The verdict of a jury on the issue devisavit vel non, although the finding is for the validity of the writing produced for the will, is not a probate of the will. Nor is the verdict finding against the validity of the writing a final determination of its rejection for probate. The return of a verdict by a jury and the verdict itself are incidents in the progress of the trial to test the validity of the will. The finality of the validity or invalidity of the writing is the judgment of the trial court accepting or rejecting the verdict.

In one phase of appellant's argument is conceded that the trial judge had the power to set aside the verdict on one or more of the grounds stated in the motion, but appellant contends that the court had no power to act on the agreement of the parties to the contest, and that inasmuch as the order of October 12, 1934, shows that the parties had compromised their controversy and had given their consent to the order, it is void as to the judgment lien creditors of the heirs. A judgment entered by a court of competent jurisdiction, by consent of the parties to the litigation, does not deprive the adjudication of its judicial character or efficacy.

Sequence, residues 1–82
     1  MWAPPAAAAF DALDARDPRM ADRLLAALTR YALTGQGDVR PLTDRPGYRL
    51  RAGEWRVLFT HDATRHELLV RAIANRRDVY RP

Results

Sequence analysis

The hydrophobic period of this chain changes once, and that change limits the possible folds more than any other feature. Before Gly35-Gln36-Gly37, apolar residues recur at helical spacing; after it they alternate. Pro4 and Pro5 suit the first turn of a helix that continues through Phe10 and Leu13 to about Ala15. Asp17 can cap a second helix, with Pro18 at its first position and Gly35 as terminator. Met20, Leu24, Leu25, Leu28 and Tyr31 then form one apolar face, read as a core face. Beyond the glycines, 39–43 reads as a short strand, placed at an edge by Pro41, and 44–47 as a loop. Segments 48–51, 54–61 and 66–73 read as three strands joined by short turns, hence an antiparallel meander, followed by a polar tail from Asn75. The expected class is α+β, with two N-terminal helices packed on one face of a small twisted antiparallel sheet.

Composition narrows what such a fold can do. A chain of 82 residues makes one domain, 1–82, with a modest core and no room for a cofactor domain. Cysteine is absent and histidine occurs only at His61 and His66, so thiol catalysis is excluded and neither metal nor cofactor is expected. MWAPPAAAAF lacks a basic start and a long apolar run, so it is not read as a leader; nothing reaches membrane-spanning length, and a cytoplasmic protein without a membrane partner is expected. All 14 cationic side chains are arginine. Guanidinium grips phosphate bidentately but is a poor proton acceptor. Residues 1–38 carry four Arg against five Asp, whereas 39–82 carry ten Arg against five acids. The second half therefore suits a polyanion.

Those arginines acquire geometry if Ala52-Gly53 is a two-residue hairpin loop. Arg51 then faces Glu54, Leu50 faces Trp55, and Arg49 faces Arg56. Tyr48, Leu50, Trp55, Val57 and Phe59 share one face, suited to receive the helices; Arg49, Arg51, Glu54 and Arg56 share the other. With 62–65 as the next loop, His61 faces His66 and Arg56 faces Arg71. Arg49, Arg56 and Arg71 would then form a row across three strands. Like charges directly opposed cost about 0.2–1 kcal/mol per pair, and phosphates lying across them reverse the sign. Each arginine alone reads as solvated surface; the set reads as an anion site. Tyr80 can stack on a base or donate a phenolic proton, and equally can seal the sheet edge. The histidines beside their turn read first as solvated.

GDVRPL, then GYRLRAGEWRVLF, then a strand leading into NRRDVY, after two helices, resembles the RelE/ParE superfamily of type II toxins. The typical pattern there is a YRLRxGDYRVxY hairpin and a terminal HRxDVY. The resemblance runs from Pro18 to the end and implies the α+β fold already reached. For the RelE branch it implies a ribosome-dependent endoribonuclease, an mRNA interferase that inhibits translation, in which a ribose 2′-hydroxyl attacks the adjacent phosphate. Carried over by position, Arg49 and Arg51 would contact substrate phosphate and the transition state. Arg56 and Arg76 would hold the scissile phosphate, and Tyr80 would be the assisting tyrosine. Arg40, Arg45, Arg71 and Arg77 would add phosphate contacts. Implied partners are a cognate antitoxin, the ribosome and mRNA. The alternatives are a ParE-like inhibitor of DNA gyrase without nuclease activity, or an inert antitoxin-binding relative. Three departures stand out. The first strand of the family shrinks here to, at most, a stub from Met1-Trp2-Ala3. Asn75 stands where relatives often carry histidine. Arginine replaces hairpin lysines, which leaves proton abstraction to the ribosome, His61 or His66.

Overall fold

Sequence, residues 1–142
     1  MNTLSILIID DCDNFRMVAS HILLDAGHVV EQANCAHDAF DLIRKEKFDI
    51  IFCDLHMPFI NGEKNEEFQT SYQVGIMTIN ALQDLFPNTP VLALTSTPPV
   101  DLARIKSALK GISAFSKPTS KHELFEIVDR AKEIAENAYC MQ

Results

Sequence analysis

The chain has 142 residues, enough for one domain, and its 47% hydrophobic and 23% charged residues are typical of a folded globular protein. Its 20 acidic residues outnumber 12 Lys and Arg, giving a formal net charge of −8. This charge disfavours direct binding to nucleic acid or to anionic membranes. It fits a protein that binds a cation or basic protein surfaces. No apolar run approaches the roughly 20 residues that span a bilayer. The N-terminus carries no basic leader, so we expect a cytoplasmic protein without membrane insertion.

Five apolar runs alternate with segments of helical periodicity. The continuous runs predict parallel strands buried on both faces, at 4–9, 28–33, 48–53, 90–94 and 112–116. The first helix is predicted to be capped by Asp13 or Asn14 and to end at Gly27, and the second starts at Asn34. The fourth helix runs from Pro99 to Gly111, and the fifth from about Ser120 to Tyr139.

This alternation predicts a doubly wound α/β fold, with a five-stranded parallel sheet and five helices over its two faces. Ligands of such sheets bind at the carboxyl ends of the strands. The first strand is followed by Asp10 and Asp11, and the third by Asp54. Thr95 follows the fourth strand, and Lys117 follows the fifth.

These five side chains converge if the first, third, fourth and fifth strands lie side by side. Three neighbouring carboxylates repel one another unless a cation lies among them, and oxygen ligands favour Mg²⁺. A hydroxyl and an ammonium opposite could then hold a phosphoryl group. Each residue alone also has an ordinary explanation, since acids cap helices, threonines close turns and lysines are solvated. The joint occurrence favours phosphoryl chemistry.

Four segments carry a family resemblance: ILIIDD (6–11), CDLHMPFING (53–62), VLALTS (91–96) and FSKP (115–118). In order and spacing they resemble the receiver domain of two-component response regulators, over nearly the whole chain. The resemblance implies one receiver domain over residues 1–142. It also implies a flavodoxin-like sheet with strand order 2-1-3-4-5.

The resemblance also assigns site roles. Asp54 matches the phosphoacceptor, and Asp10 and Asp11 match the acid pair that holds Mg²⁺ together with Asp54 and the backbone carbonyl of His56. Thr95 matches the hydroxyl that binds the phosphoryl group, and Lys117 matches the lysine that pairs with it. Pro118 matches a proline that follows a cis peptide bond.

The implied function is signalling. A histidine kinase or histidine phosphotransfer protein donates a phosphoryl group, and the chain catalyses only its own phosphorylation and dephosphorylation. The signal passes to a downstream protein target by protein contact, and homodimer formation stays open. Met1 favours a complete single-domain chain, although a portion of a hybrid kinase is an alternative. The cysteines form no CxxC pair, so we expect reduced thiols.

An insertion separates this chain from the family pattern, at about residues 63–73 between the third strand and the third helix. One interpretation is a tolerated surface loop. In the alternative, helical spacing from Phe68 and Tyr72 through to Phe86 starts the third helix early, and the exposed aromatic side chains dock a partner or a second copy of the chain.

"A consent judgment is undoubtedly contractual in its nature and should be construed as though it were a contract. It is based wholly upon the agreement of the parties with respect to the matter in controversy in the action and involves no judicial inquiry into, or preliminary adjudication of, the facts or the law applicable thereto. The agreement or consent renders this unnecessary and improper. But nevertheless, and notwithstanding statements frequently made to the contrary, the judgment is obviously something more than a contract, being rather the result of a contract and its embodiment in a form which places it and the matters covered by it beyond further controversy. The rendition and entry of the judgment requires the judicial action of the court, and it is therefore valid though it requires the parties to do what they could not contract to do; neither can it be vacated because the agreement pursuant to which it was entered is not performed. Such a judgment has substantially the same effect as any other judgment rendered in ordinary course, and is entitled to the same presumptions. As we have elsewhere seen, it is equally conclusive as to matters adjudicated, is not subject to collateral attack except upon jurisdictional grounds, and is entitled to full faith and credit in a sister state.